The first step is to select your rates in accordance with your kilometre usage, advises Angelico.

“A customer can opt not to take the unlimited mileage package, when they know that they will not exceed 100 kilometres per day, which will keep their costs in line with their actual usage and save money.”

Whether it’s a more affordable lower-category vehicle or a 4×4 for visiting distant satellite offices, corporate travellers travelling outside of South Africa should also “book well in advance to secure the car group required, as fleets are far smaller than in South Africa, and therefore vehicle numbers in each category are limited,” says Thompson.

“Booking travel well in advance might secure lower rates, and where possible, ensure that the booking or travel is done during a low out-of-peak season period,” says De Bruin from Tempest, which also offers free ‘Future Renters’ child seats as added-value.

“Corporate travellers can also engage in an account with their preferred supplier, in order to receive preferential corporate rates and extended payment terms,” he says. “By careful planning of the trip and avoiding accidents, the client’s spend on car rental should remain within the allocated budget.”

However, what those holding the purse strings need to remain cognisant of is that different priorities – and costs – apply when travelling in Africa. Likewise, the rental industry on the continent faces its own set of challenges, particularly when it comes to purchasing new vehicles and ensuring that both they and the client return safely to the depot.

“The cost of purchasing vehicles in some of the countries is very high and traded in US dollars.  With the limited availability of foreign currency through banks, waiting times to buy fleet can be very long and the cost of vehicles very high,” says Thompson.

In sub-Saharan Africa, Avis operates in South Africa, Angola, Zimbabwe, Zambia, Malawi, Madagascar, Mozambique, Botswana and Namibia, although the product offering varies according to destination.

“Some of the countries only offer chauffeur drive,” says Thompson. “Madagascar, due to poor road conditions, lack of signage and security of the customer and vehicle. Angola offers self-drive and chauffeur-drive, but self-drive would not be recommended to anyone not familiar with the country. Language barriers can also be a challenge.”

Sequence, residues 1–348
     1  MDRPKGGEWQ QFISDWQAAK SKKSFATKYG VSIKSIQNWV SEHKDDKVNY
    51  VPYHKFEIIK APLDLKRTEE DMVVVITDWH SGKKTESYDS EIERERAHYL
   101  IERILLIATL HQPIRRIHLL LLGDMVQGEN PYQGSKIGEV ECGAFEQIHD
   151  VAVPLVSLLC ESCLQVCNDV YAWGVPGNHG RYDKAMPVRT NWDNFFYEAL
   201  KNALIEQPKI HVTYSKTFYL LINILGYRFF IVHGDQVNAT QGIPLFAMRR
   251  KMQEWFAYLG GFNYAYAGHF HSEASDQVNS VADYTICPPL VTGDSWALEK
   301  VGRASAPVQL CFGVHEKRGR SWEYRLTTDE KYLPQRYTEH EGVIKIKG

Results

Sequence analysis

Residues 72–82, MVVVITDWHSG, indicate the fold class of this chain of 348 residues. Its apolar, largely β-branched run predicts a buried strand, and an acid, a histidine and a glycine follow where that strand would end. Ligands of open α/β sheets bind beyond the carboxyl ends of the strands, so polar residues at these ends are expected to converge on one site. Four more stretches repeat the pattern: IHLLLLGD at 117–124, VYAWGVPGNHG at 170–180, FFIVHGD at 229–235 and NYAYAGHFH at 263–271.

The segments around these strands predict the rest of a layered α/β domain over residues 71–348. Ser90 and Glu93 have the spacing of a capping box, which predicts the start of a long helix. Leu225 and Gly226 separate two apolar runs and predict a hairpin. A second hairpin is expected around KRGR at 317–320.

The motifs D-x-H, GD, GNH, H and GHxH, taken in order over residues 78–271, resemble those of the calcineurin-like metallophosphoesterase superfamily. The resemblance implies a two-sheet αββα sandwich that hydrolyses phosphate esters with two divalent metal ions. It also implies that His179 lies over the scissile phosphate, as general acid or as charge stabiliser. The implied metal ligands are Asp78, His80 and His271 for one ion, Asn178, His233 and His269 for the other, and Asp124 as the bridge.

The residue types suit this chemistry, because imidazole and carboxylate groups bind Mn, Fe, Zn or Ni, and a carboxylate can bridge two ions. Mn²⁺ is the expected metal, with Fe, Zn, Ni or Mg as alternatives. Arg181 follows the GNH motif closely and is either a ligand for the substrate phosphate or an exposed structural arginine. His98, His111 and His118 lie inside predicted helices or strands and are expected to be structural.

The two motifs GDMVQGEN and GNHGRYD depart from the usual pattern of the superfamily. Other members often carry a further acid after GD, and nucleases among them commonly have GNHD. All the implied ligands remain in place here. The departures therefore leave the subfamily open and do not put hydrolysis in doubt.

“The most prominent challenges the car rental industry is facing include ever-rising fuel prices, increased costs of purchasing new vehicles and car parts, and slimmed down company travel budgets,” adds De Bruin.

There is certainly no shortage of challenges facing the rental industry on the African continent, from government tolling to the conundrum around hybrid and electric cars, to how to keep corporate travellers on the road and – ideally – upgrading their vehicle choice.

However, a quick glance at the innovative new offerings from brands across the spectrum shows an industry quick on its feet to adapt to an ever-changing and ever-more-demanding market. All that’s needed is for you to turn the key.

Loyalty Programmes

Deriving maximum value is becoming ever-more important in managing corporate travel budgets, and one way in which business travellers can ensure their rands, naira or shillings stretch as far as possible is by leveraging the power of travel industry loyalty schemes.

Although the car rental sector is not as developed as the airline industry when it comes to multi-layered loyalty offerings, major car rental brands have become important ‘downstream’ partners of airline programmes.